Monday 19th August, 1940
|Dear Mother and Father,
I was very sorry not to be able to spend Sunday evening at home, but we made up for it in the mess. The station dance-band came in - a swing sextet consisting of musicians from Henry Hall’s, Harry Roy's and Ambrose’s dance orchestras. By Jove, they were pretty wizard. Two of them played Tiger Rag as a piano duet with the keyboard completely covered with a woollen scarf.
After the interval I was waiting to hear of the next number announced, but instead of that, he announced that it was Pilot Officer Hall's 21st birthday to the tune of “21 Today”. This shocked me severely, particularly when everybody shouted “Speech, Speech”. I was helped to my feet, and said a few modest words to the assembled throng, who seemed tremendously amused. The CO sent over a bottle of champagne, and I was toasted very boisterously, together with “For he's a Jolly Good Fellow”. Rather good show, I thought. I certainly won't forget it for the rest of my days.
There is a much more pleasant atmosphere about this place than there was at Heyford. It is brand new, and the mess is a splendid place - pillared entrance, concealed lighting, suntrap windows and all that - very tasty food, for which we pay 3/6 a day extra - oh, marvellous place.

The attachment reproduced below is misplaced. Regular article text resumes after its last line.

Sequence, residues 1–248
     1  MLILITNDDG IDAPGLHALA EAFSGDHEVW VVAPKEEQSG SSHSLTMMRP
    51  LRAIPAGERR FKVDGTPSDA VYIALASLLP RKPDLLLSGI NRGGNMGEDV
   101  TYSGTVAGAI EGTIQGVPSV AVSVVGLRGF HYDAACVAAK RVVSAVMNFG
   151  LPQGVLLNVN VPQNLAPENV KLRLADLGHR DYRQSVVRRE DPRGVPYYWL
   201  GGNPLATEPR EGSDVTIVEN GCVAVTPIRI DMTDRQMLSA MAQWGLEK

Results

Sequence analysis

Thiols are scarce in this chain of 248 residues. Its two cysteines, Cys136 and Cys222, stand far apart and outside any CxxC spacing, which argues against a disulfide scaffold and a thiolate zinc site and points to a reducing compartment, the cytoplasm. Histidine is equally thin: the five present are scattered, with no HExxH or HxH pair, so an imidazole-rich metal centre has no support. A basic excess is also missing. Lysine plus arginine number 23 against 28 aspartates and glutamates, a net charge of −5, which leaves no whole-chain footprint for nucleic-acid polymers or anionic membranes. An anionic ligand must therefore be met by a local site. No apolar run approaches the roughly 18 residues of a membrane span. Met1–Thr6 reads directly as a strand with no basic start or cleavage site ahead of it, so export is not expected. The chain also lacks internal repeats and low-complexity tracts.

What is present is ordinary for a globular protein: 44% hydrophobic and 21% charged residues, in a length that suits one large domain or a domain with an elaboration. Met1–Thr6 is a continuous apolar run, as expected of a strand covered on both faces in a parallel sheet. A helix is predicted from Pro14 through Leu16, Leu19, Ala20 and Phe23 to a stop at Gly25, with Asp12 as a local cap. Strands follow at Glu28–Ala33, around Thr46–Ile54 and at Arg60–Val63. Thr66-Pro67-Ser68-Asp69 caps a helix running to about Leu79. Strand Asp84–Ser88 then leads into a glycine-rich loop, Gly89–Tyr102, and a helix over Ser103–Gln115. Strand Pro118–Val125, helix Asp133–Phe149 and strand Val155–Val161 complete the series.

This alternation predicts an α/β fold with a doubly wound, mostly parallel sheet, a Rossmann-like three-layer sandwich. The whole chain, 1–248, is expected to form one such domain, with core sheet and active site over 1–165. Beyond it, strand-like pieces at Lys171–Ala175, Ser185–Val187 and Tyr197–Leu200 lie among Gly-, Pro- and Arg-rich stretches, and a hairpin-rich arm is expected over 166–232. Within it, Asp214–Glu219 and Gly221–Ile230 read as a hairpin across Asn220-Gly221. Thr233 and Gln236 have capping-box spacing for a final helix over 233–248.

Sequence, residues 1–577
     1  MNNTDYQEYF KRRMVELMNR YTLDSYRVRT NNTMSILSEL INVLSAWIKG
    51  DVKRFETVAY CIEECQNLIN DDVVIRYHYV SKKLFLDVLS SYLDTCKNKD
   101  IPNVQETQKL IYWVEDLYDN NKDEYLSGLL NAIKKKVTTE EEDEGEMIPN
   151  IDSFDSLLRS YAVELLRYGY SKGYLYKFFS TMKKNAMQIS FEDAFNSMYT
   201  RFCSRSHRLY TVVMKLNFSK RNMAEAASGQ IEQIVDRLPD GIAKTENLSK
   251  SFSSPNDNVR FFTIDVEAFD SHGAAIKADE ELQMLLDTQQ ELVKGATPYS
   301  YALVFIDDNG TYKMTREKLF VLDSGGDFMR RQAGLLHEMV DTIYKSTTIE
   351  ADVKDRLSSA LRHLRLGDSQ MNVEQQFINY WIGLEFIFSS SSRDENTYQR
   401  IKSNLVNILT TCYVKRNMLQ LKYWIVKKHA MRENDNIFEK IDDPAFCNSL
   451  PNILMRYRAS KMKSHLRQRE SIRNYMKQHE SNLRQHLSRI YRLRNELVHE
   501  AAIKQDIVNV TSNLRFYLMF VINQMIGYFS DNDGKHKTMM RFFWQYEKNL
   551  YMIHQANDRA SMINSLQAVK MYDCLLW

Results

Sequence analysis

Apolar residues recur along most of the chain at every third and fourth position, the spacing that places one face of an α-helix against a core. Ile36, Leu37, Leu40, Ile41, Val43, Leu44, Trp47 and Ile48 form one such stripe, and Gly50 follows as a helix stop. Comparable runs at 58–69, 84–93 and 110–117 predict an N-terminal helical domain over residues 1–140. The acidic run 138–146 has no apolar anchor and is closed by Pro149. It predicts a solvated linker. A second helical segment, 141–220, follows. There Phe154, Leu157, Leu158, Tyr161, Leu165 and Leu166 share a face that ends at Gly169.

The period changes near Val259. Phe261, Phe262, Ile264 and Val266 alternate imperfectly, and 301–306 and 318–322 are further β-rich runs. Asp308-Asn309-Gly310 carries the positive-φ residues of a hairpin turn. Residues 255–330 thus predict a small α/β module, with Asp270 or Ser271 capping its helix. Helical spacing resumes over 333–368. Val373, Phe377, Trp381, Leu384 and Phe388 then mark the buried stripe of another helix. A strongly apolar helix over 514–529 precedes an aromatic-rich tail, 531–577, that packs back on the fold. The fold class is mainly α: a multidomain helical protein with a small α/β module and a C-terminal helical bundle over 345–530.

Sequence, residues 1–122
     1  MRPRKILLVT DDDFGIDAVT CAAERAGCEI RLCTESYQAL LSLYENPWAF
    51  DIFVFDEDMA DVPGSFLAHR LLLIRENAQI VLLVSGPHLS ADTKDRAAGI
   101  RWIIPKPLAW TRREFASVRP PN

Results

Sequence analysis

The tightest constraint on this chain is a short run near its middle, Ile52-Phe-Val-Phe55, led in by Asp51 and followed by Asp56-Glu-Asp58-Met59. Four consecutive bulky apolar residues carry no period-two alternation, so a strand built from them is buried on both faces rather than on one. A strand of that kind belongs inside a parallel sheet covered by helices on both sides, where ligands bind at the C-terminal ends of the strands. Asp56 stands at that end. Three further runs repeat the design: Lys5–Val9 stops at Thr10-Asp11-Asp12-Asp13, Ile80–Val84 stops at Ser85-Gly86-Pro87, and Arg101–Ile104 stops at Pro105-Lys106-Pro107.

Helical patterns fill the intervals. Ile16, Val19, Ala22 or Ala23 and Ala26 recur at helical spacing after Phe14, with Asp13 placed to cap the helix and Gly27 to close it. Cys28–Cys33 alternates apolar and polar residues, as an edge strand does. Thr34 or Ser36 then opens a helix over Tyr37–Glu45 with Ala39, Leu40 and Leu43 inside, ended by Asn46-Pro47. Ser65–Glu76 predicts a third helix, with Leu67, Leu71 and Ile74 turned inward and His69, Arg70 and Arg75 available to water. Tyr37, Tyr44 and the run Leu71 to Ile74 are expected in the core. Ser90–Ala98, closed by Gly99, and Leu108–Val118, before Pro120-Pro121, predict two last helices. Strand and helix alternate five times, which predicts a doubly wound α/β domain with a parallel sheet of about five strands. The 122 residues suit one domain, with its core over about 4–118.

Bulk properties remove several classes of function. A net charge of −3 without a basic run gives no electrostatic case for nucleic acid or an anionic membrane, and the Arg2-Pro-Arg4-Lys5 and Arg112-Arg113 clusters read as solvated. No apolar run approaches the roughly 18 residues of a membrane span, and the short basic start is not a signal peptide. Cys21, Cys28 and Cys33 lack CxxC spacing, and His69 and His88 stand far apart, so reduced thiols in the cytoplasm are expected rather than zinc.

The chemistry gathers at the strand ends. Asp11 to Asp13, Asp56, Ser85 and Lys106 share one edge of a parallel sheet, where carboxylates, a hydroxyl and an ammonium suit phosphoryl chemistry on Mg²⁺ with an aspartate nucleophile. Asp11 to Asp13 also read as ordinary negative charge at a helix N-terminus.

Doncaster is only seven miles away, and within easy pedalling distance. We are here for a fortnight, and will then join a squadron for operations. After a few trips as second pilot, we will, I believe, come back here for a short while for some further night flying experience, and then go back to the squadron as first pilot - that will be the day.
If possible, I shall get some leave before joining the squadron - I think that is the most likely time to get seven days or so.
Oh by the way, did you find a couple of letters in my bedroom containing cheques and postal order? If so, would you please forward them when you next write, if you have not already done so.
Cheerio for now, I must away to supper. All the best.
Love from Geoffrey. (Big Man!)